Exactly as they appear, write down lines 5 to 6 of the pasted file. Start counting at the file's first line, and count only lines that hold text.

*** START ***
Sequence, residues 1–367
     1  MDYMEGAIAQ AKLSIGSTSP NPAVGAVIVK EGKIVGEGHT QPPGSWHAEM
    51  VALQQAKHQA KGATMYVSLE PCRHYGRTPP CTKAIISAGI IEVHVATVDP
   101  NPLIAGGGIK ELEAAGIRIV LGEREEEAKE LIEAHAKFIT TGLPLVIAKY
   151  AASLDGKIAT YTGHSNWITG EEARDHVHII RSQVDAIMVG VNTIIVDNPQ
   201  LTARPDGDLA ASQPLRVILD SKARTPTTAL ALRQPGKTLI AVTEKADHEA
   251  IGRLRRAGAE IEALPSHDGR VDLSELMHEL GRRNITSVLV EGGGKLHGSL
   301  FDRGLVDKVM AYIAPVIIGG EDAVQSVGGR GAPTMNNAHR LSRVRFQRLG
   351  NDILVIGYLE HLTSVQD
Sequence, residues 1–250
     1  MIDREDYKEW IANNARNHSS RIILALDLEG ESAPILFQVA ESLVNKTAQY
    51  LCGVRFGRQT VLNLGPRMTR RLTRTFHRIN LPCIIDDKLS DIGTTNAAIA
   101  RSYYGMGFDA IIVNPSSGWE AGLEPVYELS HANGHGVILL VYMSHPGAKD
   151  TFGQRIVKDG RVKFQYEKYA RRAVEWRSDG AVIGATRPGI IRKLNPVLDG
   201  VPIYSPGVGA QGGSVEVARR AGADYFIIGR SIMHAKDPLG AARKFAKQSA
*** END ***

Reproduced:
   151  AASLDGKIAT YTGHSNWITG EEARDHVHII RSQVDAIMVG VNTIIVDNPQ
   201  LTARPDGDLA ASQPLRVILD SKARTPTTAL ALRQPGKTLI AVTEKADHEA